Anyway, for shit to hit the fan somebody would first have to unilaterally declare independence and I'm not quite sure that's a sensible option in any case. You basically hope that the angry reaction of the state you declare independence from will cause a big enough disruption to mask the fact that you really don't have the trappings of a state.

The real question is what the crazies will do about the referendum. Anyone can hold a referendum, it's just not constitutionally valid unless the national parliament calls it, and you know the Parliament's composition out to 2015 is not conducive to a referendum.

Here's an interesting blog post by a reserve Lieutenant-General. It made headlines when it came out a few weeks ago.

I personally continue to think CiU (especially Unió, but even Mas) are not really interested in independence and are just opportunistically using sovereigntism to mask the bankruptcy of their 2 years of austerity policies (and the results of the 10-year bubble also in Catalonia). Catalonia applied for €5bn from Spain's regional bailout fund, and CatalunyaCaixa has been nationalised and will receive €10bn altogether.

However, the Spanish crazies are just now making noises about recentralising the educational system and intefering with long-standing Catalan language policy. The PP, as you know, thrives from nationalistic tensions. So they might end up pushing CiU to sincerely try for independence.

I distribute. You re-distribute. He gives your hard-earned money to lazy scroungers. -- JakeS

by Migeru (migeru at eurotrib dot com) on Fri Dec 14th, 2012 at 04:24:46 AM EST
[ Parent ]
However, the Spanish crazies are just now making noises about recentralising the educational system and intefering with long-standing Catalan language policy. The PP, as you know, thrives from nationalistic tensions. So they might end up pushing CiU to sincerely try for independence.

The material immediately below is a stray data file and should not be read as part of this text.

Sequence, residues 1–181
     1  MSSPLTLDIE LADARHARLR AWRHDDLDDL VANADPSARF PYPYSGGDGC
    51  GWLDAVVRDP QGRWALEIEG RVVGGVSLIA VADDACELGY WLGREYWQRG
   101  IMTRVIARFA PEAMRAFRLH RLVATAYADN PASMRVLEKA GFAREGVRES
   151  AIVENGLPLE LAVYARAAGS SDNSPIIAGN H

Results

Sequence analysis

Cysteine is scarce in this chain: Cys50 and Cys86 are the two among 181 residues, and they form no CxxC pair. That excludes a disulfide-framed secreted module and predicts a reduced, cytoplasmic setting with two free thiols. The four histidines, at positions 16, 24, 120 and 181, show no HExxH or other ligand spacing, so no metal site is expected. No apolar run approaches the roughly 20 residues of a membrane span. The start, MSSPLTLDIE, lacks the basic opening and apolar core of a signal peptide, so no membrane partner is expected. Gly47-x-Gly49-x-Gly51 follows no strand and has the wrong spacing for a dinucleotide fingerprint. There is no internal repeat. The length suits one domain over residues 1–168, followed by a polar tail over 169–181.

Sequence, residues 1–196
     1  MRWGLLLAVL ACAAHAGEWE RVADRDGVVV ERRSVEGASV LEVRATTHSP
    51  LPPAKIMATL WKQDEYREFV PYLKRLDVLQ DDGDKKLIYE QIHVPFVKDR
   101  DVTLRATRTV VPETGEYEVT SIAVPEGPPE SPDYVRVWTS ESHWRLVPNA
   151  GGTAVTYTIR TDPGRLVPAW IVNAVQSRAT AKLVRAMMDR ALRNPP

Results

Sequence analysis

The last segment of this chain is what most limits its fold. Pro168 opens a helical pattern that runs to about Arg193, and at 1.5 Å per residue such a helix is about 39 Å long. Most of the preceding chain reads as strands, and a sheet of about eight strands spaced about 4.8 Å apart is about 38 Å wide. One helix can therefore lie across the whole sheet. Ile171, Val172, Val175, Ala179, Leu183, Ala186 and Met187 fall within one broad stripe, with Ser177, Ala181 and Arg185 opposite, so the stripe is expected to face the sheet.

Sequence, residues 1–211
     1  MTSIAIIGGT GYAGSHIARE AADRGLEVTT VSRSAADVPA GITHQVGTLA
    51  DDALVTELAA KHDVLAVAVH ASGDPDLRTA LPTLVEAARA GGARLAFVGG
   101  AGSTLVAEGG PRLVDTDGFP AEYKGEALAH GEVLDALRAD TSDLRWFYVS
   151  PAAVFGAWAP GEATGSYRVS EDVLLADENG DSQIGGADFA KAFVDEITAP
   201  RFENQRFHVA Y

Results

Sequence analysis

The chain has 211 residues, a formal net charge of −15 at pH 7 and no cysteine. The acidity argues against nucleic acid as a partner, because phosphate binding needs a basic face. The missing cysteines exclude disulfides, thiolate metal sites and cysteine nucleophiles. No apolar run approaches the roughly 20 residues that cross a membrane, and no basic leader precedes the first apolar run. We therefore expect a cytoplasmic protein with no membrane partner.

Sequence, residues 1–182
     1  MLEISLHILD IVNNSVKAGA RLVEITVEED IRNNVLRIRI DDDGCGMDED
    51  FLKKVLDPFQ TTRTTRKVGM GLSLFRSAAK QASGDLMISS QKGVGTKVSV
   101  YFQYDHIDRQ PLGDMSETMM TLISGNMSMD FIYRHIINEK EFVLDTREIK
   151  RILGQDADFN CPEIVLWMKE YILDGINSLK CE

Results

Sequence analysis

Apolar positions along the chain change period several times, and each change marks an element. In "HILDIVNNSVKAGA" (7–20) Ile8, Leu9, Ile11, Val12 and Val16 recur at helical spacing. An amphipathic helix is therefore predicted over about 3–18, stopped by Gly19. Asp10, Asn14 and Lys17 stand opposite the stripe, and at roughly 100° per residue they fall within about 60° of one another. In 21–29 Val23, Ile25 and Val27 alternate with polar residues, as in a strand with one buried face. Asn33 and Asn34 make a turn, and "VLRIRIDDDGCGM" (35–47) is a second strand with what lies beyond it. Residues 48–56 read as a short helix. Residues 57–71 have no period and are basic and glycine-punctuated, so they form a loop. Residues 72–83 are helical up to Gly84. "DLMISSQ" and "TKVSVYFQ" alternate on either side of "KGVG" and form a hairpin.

That and the ETA ceasefire means that the more hard line independence block has succeeded in splitting the nationalist vote. CiU depends on ERC, PNV on HB.  

The real question is what the crazies will do about the referendum. Anyone can hold a referendum, it's just not constitutionally valid unless the national parliament calls it, and you know the Parliament's composition out to 2015 is not conducive to a referendum.

True, but remember the threat the the PSOE government made about the Ibarretxe plan.  Do it, and the Spanish army will be sent in to occupy the region.

Asinine as that is, couldn't you see Rajoy doing that in Catalunya for political effect?  And once you have feet on the ground, it's important to remember that the Generalitat has the Mossos at its disposal, which means paramilitaries.  The potential for cock waving abounds.

Moreover, there are less than 100,000 active Spanish army, and over 15,000 Mossos. Put the two in close proximity with antagonistic bosses, and the potential for cock waving increases.

And I'll give my consent to any government that does not deny a man a living wage-Billy Bragg

by ManfromMiddletown (manfrommiddletown at lycos dot com) on Fri Dec 14th, 2012 at 05:04:12 AM EST
[ Parent ]
Asinine as that is, couldn't you see Rajoy doing that in Catalunya for political effect?  And once you have feet on the ground, it's important to remember that the Generalitat has the Mossos at its disposal, which means paramilitaries.  The potential for cock waving abounds.

La Vanguardia: Puig warns that the Mossos will "be at the service" of the Catalan Government if the referendum is forbidden (18/10/2012)